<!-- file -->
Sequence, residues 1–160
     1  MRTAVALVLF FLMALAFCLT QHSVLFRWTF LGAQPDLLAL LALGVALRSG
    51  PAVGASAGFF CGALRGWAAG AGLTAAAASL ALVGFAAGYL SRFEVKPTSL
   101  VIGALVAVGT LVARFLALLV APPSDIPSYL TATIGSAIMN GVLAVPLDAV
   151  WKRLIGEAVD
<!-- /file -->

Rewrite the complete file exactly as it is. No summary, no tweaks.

Sequence, residues 1–160
     1  MRTAVALVLF FLMALAFCLT QHSVLFRWTF LGAQPDLLAL LALGVALRSG
    51  PAVGASAGFF CGALRGWAAG AGLTAAAASL ALVGFAAGYL SRFEVKPTSL
   101  VIGALVAVGT LVARFLALLV APPSDIPSYL TATIGSAIMN GVLAVPLDAV
   151  WKRLIGEAVD